Frequently as an intern in Washington, D.C., I have had a few moments to stand in awe of the towering figure of the Washington Monument. On any given day, gazing up at such a remarkable sight, I am reminded of a fact that not many in D.C., let alone America, know. What exactly is at the top of the monument and why is it so significant to America today?
According to the National Park Service (NPS), the Washington Monument stands 555-feet high, making it the tallest structure in the area. In 1884, when the monument was finished, the Latin words Laus Deo, which mean “Praise be to God” or “God be praised,” were engraved on the east face of the aluminum cap at the top of the monument. Thus, every morning, when the sun rose, the first ray of light to touch D.C. landed on this engraving. The original builders wanted this to symbolize God being given the glory as the first thing to occur every morning. It is a beautiful piece of history and an even more powerful testament to what God has done for this nation. Unfortunately, the story of this gorgeous engraving doesn’t end here.
In 1885, a lightning protection system (or collar) was installed over the top part of the original cap. Though it protected the monument, it rubbed off the original engraving, rendering the Latin words illegible. In 1934, the collar was restored, but the original engravings were not included in the restoration project. Instead, a new engraving was added to the cap. The top of the monument now reads: “Repaired, 1934, National Park Service, Department of the Interior.” This wording was placed directly on top of the original east side engraving Laus Deo.
This story is a fitting illustration of how many leaders in our government operate today—how they work to obscure the Framers’ original intent to honor and glorify God. Similar to how the words Laus Deo were covered over on the top of the Washington Monument, forces are at work in our government to erode, destroy, and erase the Christian heritage of our nation. So many of us today, instead of first giving the glory to God for everything we have, lean on our own “power” and “authority.”
We have done this in two ways. First, we as citizens are overly relying on the government for assistance and guidance to prosper. Former Senator Jim DeMint said it best: “Over the last 50 years, American attitudes have shifted from cherishing self-sufficiency and personal responsibility to craving cradle-to-grave security ‘guaranteed’ by government.” We are increasingly looking to the government to provide all our needs and even our desires, like free college for all. According to Heritage’s Index of Dependence on Government, in 2013, 70 percent of government spending went to dependency programs.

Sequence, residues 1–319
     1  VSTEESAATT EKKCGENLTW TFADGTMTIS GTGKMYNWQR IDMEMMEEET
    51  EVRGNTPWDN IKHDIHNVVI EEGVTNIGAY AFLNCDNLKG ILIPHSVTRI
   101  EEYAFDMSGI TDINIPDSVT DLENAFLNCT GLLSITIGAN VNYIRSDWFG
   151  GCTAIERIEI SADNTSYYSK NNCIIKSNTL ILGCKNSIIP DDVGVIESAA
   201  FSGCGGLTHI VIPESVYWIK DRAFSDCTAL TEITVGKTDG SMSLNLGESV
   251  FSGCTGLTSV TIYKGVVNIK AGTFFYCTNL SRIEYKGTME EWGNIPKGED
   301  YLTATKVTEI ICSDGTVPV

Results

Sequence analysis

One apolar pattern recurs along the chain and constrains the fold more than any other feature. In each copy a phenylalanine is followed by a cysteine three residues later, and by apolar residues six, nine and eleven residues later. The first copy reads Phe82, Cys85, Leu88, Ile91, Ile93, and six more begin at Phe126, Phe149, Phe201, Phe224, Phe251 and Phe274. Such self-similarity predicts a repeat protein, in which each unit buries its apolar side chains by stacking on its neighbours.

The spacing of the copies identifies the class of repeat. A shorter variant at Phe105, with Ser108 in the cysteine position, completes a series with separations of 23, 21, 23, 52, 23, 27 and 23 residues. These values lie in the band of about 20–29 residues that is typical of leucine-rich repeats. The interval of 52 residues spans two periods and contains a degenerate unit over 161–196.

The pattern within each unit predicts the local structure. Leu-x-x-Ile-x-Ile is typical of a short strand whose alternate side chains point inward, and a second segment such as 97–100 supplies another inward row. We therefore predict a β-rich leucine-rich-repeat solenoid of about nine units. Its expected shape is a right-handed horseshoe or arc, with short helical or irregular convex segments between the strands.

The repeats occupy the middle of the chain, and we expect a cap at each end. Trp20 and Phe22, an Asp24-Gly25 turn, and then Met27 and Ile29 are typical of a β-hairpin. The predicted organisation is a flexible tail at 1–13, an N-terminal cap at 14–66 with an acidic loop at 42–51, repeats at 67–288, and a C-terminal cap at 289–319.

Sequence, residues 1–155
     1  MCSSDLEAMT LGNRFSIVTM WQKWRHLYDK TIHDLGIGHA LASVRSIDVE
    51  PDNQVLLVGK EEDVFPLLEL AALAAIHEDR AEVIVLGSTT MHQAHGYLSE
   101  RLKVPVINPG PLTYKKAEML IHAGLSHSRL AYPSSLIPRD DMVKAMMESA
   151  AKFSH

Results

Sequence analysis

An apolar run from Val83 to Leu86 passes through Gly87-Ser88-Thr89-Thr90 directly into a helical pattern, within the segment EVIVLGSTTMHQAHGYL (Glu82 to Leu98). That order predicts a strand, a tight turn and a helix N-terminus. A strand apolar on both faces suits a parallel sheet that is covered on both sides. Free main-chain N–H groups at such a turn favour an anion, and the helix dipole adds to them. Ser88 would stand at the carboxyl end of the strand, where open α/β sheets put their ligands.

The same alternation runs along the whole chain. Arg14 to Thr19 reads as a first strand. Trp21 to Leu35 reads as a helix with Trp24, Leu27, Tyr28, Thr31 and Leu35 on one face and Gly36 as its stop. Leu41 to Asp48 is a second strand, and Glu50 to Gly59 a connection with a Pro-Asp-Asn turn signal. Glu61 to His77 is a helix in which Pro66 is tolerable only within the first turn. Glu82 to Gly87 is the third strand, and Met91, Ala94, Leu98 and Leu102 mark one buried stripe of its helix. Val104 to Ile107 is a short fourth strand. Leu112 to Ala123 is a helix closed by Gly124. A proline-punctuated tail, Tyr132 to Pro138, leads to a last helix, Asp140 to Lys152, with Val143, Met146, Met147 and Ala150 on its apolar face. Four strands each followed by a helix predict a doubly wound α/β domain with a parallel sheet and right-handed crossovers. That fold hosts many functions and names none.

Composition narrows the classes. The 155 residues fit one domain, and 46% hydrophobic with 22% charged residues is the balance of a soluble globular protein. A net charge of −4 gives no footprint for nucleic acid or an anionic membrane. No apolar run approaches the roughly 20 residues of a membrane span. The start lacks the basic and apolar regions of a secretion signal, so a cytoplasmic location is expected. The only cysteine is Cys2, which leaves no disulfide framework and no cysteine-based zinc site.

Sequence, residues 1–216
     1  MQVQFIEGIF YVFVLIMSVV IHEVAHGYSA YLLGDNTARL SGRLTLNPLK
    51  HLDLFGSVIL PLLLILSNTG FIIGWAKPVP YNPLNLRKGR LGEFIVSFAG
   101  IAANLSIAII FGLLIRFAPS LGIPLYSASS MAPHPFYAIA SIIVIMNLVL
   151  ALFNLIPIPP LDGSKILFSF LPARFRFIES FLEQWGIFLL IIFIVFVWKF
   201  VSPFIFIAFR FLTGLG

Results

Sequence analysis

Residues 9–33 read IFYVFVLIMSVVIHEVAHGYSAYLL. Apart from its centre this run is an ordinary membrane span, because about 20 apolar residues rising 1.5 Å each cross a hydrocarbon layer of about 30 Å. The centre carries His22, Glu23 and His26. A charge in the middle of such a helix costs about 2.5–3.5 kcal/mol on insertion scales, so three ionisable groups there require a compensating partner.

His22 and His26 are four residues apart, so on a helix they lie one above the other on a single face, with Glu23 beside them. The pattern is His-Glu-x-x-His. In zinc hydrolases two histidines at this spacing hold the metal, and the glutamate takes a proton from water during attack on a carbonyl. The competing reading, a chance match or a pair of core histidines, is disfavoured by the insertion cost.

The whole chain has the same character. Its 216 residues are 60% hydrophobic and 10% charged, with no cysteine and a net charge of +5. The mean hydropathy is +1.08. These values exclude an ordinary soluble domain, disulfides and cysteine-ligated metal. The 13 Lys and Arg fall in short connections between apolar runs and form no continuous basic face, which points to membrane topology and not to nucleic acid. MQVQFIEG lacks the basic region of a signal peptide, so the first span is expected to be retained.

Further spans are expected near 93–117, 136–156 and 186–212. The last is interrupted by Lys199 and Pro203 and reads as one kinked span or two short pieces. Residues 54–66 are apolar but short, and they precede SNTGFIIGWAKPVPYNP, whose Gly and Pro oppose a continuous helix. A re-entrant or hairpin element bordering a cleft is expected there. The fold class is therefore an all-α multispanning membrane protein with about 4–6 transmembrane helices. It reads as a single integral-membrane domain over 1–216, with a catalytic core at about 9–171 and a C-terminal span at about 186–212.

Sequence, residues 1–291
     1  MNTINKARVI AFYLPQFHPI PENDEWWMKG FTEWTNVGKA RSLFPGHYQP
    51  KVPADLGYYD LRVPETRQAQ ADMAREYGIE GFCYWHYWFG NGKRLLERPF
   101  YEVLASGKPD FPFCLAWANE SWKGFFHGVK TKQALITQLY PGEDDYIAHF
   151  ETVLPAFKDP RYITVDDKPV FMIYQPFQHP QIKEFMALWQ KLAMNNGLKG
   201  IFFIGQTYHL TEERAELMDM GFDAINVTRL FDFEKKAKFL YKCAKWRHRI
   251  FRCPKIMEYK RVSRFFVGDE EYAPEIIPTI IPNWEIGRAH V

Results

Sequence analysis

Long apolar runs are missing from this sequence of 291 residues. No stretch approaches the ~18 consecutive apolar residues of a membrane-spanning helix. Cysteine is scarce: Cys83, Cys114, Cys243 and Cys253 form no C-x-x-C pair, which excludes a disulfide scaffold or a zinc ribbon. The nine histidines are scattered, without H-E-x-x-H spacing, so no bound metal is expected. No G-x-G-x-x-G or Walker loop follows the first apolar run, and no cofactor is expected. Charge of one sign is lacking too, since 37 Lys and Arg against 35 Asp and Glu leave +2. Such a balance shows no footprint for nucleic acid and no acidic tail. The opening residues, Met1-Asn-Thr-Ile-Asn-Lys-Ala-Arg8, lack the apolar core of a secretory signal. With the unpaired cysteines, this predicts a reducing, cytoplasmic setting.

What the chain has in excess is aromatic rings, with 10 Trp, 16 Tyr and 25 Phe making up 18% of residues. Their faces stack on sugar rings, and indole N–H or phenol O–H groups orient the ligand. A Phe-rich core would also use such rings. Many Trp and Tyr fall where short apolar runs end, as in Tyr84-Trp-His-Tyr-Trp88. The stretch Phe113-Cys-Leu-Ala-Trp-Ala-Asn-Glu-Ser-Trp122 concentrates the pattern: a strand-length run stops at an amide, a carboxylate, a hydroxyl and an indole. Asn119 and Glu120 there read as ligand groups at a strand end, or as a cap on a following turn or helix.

Too many millennials are buying into a narrative of a socialist utopia where the government can and should supply all our needs. In contrast, Paul writes in Philippians 4:19, “And my God will meet your needs according to the riches of his glory in Christ Jesus.”
Secondly, many of our leaders first seek power instead of surrender. Many lawmakers are wanting to be the solution to our problems instead of pointing us to the only One who can solve our problems. It seems that their desire to be a “functional savior” is fueling their actions so that citizens increasingly rely on them in order to bolster their own image in the culture. Many of our political leaders seem to desire power and glory over truly effective public service.
A few recent examples of this include former President Obama trying to take the credit for economic gains that happened after he left office, and Senator Cory Booker using his infamous, self-anointed “Spartacus moment” to launch momentum for his 2020 presidential campaign. It is a common theme in today’s politics—“How can I further my image and my mission?” instead of “How can I get on board with God’s mission?”
What America needs today is citizens who strive for personal responsibility and service to others and leaders who are looking first to serve, to imbibe the spirit expressed in the faded, worn out words of the Washington Monument—Laus Deo. We need leaders who serve God (Joshua 22:5; 1 Samuel 12:24; Hebrews 9:14) and their fellow citizens (Luke 6:38; Galatians 5:13; 1 Peter 4:10). Jesus himself said, “The greatest among you will be your servant” (Matthew 23:11). We as citizens need to renew our commitment to being responsible for ourselves but also to serve those in need, and our government officials need to rediscover their true vocation: to be public servants.
Alyson Gritter served as an intern at Family Research Council.